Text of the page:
8 Serious Illnesses in Babies and Children that Every Parent Needs to Be Aware of

Whether you’re a first-time mum or an experienced one, it is never easy watching your precious bub feel under the weather.

You want to do everything within your power to make them feel better. But while you don’t want to overreact to every little ailment, you must also remain vigilant to ensure they don’t get worse.

There will be times when your little one is in distress, and you shouldn’t wait to make an appointment with your child’s physician.

We outline eight serious illnesses in babies to be aware of, plus when you should take immediate action by calling an ambulance, and when you should head to the nearest emergency department.

Serious Illnesses in Babies to Be Aware Of

1. Fever

Fever usually occurs when your body is trying to fight an infection or something it considers foreign. And while a fever is not necessarily a sign of serious illness, it is something that should not be dismissed, especially in young children.

baby with fever, high temperature, fever treatment
Source: Bigstock

As a rule of thumb, anything higher than 38⁰C (Celsius) is considered a fever. Here is what you should do depending on your tot’s age:

  • 0 to 1 month of age, take bub to the nearest emergency department immediately.
  • 1 to 12 months of age, see your child’s pediatrician as soon as possible.
  • Over 12 months of age and your tot’s fever lasts longer than 4 days, then you should seek your pediatrician for assistance.

Read more: How to treat a fever in children

2. Meningitis

This is the inflammation of the tissue that surrounds the brain and the spinal cord. Meningitis is usually caused by an infection and can be life-threatening.

meningococcal disease
Liliana’s mum shared her daughter’s terrifying battle with meningococcal on Facebook in 2018. Source: Facebook

Typical signs of meningitis include:

  • Headache
  • Sore or stiff neck
  • Vomiting
  • Light sensitivity
  • Rash that does not fade when pressed

GLASS TEST: When your child has a rash, your first port-of-call should be to conduct a glass test. Press a glass firmly against your tot’s skin. If the rash doesn’t fade when pressed, then you should reach out for medical assistance immediately.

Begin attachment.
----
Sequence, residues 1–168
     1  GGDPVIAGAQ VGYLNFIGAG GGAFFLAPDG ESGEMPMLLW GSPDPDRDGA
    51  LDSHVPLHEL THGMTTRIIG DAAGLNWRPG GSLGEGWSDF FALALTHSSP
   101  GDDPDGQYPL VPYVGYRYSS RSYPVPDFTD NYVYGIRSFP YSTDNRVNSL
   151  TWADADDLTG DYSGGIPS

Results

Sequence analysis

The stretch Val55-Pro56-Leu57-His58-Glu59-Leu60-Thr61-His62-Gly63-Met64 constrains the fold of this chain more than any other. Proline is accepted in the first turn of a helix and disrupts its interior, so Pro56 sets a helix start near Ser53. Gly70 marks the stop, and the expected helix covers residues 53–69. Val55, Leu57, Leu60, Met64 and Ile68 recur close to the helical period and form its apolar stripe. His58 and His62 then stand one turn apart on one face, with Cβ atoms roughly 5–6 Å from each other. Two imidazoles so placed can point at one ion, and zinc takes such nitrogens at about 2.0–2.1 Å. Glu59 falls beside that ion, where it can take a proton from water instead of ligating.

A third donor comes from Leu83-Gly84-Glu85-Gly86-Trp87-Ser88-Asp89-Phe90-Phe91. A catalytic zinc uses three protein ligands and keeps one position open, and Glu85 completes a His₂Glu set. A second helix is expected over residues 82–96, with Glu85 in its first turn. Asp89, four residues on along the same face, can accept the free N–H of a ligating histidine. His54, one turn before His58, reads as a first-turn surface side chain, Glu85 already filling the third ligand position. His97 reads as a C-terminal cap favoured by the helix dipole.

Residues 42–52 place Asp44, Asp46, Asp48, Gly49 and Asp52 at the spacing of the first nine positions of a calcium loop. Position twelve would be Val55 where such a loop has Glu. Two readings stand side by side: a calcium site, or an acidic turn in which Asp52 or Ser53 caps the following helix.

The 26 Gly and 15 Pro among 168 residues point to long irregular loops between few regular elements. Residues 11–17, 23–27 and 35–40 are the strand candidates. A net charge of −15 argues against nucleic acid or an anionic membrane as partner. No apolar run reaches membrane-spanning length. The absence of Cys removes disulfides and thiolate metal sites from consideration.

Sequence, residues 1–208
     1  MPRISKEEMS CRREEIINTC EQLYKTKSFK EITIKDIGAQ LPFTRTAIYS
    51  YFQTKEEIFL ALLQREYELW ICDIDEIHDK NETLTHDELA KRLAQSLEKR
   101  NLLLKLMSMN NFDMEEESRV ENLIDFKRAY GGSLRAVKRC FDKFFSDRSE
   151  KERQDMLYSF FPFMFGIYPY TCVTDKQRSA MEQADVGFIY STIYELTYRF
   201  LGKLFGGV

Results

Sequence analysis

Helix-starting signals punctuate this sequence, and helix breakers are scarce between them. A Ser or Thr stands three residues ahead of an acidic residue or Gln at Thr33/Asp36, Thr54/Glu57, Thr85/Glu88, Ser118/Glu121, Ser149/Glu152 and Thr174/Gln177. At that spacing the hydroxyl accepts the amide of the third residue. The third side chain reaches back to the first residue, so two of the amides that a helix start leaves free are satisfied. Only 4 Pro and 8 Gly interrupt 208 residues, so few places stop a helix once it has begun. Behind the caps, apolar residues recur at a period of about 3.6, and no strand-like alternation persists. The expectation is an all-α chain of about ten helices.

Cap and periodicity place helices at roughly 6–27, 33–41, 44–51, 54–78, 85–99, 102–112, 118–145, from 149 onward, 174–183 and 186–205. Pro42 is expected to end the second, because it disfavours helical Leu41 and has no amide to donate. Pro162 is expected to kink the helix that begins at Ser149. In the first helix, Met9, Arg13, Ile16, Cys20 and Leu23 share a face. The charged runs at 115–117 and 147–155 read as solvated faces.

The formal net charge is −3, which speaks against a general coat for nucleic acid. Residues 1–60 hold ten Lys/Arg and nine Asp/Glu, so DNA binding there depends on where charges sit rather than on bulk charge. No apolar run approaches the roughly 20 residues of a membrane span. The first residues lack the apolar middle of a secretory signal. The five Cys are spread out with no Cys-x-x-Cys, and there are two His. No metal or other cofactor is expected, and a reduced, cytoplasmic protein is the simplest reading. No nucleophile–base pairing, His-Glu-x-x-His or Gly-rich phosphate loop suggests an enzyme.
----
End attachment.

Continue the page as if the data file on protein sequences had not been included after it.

If your child is experiencing any of these symptoms above, take them to the ER or call an ambulance.

Read more: Meningococcal: The Life-Saving Facts Every Parent Should Know

3. Seizures (Fits)

Seizures can be normal in young children. Often caused by high fevers, they are called febrile convulsions.

When a seizure occurs, rapid, uncoordinated electrical activity in the brain causes stiffening and shaking of the limbs and loss of consciousness. Witnessing a seizure can be frightening, especially if it’s your helpless, little bub experiencing it.

You should seek help if it is your child’s first seizure, it lasts longer than 5 minutes, they have difficulty breathing, or have injured themselves during the fit.

Read more: What Genetic Epilepsy Looks Like

4. Urinary Tract Infections (UTIs)

An infection of the bladder, urethra, ureters (urine tubes), or kidneys can be dangerous if left untreated as it can lead to kidney infection and possible sepsis. Anyone can experience a UTI, especially young children.

Typical signs of a UTI include:

  • Pain or burning during urination
  • Weeing often
  • Blood in the urine, usually pink, red, or brown
  • Fever
  • Lower abdomen discomfort

An UTI requires a medical diagnosis and antibiotics.

5. Pneumonia

Pneumonia is the inflammation or infection of the lungs caused by bacteria or a virus. When it occurs, it is often followed by a cold.

Common symptoms include:

  • Fever
  • Fast or difficult breathing
  • Persistent cough
  • Vomiting
  • Pain in the chest

You should take your child to the hospital if they are younger than 12 months, are experiencing severe breathing problems, or are severely dehydrated due to vomiting.